This flu season has reminded us of the importance of getting a flu vaccine. During this very active season, many flu cases have led to hospitalization and even death. Getting your flu shot is the best way to protect yourself and others.
Types Of Flu Vaccines
Any flu shot offers you protection, but there are two specific types recommended by the CDC for the 2017-2018 flu season: a trivalent vaccine, and a quadrivalent vaccine.
“Both will offer you adequate protection from the flu, so get whichever option is available,” says Aishah Ali, M.D., an allergist and immunologist at UCF Health.
Who Should Get A Flu Shot?
According to the CDC, those with medical conditions such as asthma, lung disease or diabetes, or who are pregnant or 65 years or older, have the highest risk of complications from the virus and should make getting an influenza vaccination a priority. Pregnant women can and should get the flu vaccine to protect themselves and their baby.
Children younger than 6 months and those with life-threatening allergies to ingredients in the vaccine should not receive a flu vaccine. Having an egg allergy does not mean you cannot get the flu vaccine.
“Your doctor should be able to administer the flu vaccine to you even if you have a history of egg allergy,” says Dr. Ali.
Contrary to rumors, the flu vaccine does not cause influenza. You may experience mild side effects after receiving the vaccine, such as soreness at the injection site, a low-grade fever, headache and muscle aches. These side effects should resolve in a day or two. It takes about two weeks for your body to build up the antibodies from the flu vaccine, so it is still possible to contract the flu during this window of time. Get your flu shot early in the flu season to avoid this – ideally in October or earlier if available. But if you haven’t gotten your flu shot yet, get it immediately. It will still provide some protection.
Benefits Of Flu Vaccine
1. Can decrease your risk for getting the flu
2. If you do get the flu, it can reduce the risk of severe flu symptoms, flu-related medical complications, hospitalizations and deaths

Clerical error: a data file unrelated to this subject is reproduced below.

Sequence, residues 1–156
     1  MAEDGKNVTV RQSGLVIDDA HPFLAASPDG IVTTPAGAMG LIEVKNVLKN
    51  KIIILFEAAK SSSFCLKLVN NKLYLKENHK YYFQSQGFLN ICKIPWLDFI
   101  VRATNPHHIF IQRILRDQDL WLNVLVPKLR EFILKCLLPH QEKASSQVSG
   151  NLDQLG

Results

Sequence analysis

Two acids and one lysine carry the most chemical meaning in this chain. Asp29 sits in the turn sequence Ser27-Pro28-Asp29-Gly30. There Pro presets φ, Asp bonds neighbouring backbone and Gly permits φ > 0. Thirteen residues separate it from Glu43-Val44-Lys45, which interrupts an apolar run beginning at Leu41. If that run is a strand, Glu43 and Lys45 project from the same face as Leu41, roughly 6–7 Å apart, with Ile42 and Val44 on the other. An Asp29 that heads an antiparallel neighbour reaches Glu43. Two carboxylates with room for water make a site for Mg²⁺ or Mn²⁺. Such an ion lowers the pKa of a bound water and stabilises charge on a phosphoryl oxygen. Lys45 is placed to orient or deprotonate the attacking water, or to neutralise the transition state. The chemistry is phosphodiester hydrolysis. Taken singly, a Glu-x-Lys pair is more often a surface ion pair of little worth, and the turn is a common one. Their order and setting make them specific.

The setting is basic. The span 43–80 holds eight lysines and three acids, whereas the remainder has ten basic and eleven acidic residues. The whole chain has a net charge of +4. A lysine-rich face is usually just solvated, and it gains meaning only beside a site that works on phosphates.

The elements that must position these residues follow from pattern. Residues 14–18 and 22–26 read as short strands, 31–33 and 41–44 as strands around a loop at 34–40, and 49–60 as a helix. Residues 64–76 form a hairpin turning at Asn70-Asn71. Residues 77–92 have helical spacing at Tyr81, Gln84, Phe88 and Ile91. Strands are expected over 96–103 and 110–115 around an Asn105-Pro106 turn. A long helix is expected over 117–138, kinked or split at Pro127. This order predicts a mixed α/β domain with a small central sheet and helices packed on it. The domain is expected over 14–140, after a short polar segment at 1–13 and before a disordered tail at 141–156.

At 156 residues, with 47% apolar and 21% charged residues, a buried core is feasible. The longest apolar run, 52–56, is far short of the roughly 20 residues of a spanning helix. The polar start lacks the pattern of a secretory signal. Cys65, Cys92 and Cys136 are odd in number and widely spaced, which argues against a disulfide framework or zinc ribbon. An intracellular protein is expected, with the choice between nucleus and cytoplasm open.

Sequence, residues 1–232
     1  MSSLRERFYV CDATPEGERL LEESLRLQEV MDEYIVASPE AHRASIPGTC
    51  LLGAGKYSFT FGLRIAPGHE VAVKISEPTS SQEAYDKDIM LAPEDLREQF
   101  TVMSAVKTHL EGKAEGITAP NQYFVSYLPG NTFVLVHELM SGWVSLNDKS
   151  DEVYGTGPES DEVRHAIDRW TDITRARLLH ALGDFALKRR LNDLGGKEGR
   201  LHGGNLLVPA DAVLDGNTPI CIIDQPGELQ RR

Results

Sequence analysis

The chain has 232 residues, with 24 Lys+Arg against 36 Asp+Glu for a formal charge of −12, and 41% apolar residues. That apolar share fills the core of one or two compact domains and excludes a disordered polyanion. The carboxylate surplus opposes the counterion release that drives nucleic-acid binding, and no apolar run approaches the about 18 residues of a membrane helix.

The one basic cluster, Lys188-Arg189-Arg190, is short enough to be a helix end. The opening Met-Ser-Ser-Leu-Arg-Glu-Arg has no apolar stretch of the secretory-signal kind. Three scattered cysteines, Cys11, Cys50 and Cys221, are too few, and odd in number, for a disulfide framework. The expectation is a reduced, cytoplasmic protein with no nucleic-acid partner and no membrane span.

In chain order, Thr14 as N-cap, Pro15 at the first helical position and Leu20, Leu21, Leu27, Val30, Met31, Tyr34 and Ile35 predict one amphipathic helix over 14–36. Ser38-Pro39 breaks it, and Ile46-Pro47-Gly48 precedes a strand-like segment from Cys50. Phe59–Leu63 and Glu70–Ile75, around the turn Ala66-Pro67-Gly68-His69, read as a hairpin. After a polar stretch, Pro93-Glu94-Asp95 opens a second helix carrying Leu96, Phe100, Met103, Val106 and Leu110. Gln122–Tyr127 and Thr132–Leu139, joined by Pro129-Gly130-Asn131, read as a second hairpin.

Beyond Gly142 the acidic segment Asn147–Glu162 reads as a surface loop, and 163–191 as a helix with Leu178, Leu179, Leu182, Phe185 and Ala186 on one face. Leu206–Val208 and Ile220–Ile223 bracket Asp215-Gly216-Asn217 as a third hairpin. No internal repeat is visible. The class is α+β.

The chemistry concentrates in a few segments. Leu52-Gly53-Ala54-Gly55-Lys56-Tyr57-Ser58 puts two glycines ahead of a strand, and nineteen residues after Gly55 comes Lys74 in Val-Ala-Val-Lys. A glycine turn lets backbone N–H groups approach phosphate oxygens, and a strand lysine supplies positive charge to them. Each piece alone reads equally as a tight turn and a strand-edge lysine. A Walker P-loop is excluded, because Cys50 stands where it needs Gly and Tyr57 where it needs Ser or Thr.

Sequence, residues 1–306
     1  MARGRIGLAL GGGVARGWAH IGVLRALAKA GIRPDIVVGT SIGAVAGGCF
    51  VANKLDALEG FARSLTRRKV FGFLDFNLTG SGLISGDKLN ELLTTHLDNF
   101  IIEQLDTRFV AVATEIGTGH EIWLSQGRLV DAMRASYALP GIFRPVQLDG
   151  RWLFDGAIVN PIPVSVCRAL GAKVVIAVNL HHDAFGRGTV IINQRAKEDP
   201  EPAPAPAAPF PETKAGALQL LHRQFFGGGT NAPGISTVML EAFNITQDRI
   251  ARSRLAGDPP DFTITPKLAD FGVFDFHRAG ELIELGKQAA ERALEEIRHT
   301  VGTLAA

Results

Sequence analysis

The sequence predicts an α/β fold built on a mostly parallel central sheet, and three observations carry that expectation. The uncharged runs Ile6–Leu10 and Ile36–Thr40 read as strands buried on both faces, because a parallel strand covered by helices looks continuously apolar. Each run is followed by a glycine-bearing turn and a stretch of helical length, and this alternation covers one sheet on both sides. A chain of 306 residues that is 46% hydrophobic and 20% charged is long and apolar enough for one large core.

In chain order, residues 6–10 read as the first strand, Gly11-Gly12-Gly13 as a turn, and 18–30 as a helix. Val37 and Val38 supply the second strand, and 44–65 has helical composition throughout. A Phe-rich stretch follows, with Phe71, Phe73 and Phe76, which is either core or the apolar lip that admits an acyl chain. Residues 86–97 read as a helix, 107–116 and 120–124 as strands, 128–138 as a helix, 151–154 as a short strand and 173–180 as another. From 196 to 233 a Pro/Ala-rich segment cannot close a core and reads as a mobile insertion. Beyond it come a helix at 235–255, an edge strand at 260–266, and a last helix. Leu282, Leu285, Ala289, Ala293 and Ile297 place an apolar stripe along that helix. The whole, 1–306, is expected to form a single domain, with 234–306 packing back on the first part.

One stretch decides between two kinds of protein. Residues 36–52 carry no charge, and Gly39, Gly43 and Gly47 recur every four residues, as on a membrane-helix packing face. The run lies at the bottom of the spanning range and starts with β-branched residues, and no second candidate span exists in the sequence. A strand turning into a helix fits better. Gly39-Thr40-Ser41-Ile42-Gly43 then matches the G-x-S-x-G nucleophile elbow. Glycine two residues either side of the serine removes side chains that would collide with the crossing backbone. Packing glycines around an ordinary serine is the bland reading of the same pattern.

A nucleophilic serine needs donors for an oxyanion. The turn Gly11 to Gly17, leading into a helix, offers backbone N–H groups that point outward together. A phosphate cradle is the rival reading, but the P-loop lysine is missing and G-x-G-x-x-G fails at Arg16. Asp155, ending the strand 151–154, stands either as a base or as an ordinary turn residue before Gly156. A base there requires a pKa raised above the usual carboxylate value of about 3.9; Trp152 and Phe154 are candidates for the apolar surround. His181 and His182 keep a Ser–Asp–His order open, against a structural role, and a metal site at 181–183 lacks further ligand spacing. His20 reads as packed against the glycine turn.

3. Protect others around you who are at greatest risk for complications from the flu: the elderly, children and pregnant women
4. Getting a flu vaccination also reduces the risk of the virus spreading among people around you
If you come into contact with someone who has the flu, you may fit the criteria to receive Oseltamivir, also known as Tamiflu. It may help to decrease your chances of getting influenza after the exposure. Contact your healthcare provider for details.
Like influenza, there are other diseases and illnesses that can be prevented by receiving a vaccination. Some recommended vaccinations include the shingles vaccine, for those 60 or older, the HPV vaccine, for females 26 or younger and males 21 or younger, and the pneumococcal vaccine for those 65 or older. Those with chronic lung disease, heart disease, liver disease, kidney disease or other high-risk groups should also get the pneumonia vaccine. Please see your doctor if you are unsure about your vaccination history.
Vaccines have been important in helping eradicate dangerous diseases such as polio and smallpox. Although a vaccination never guarantees 100 percent prevention, it’s your best option to stay healthy and protect yourself from disease.
Weekly Health Tips are brought to you by UCF Health, the College of Medicine’s physician practice. Offering primary and specialty care under one roof, UCF Health treats patients age 16 and up in primary care and age 18 and up for specialty care. Most major insurance plans are accepted. Two locations are now open: the original in East Orlando at Quadrangle and University boulevards just blocks from the main UCF campus, and the newest one in Medical City at Narcoossee Road and Tavistock Lakes Boulevard. Information for both facilities can be found at UCFHealth.com, or call (407) 266-DOCS to schedule an appointment.
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